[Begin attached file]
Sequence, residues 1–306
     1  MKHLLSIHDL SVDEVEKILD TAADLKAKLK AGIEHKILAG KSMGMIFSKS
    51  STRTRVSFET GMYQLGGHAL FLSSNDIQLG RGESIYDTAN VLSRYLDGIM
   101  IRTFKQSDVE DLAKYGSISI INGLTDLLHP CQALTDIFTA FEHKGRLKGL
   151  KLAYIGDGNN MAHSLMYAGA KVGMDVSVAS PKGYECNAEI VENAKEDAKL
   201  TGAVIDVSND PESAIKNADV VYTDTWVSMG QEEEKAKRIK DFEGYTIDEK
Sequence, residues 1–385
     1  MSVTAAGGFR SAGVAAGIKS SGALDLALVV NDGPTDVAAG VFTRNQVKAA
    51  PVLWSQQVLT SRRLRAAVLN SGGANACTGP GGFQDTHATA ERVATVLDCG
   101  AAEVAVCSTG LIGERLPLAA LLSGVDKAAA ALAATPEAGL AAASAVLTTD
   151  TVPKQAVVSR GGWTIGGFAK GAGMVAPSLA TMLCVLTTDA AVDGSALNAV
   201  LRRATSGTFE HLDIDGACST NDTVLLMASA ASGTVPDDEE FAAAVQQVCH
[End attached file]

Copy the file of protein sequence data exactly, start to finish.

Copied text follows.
Sequence, residues 1–306
     1  MKHLLSIHDL SVDEVEKILD TAADLKAKLK AGIEHKILAG KSMGMIFSKS
    51  STRTRVSFET GMYQLGGHAL FLSSNDIQLG RGESIYDTAN VLSRYLDGIM
   101  IRTFKQSDVE DLAKYGSISI INGLTDLLHP CQALTDIFTA FEHKGRLKGL
   151  KLAYIGDGNN MAHSLMYAGA KVGMDVSVAS PKGYECNAEI VENAKEDAKL
   201  TGAVIDVSND PESAIKNADV VYTDTWVSMG QEEEKAKRIK DFEGYTIDEK
Sequence, residues 1–385
     1  MSVTAAGGFR SAGVAAGIKS SGALDLALVV NDGPTDVAAG VFTRNQVKAA
    51  PVLWSQQVLT SRRLRAAVLN SGGANACTGP GGFQDTHATA ERVATVLDCG
   101  AAEVAVCSTG LIGERLPLAA LLSGVDKAAA ALAATPEAGL AAASAVLTTD
   151  TVPKQAVVSR GGWTIGGFAK GAGMVAPSLA TMLCVLTTDA AVDGSALNAV
   201  LRRATSGTFE HLDIDGACST NDTVLLMASA ASGTVPDDEE FAAAVQQVCH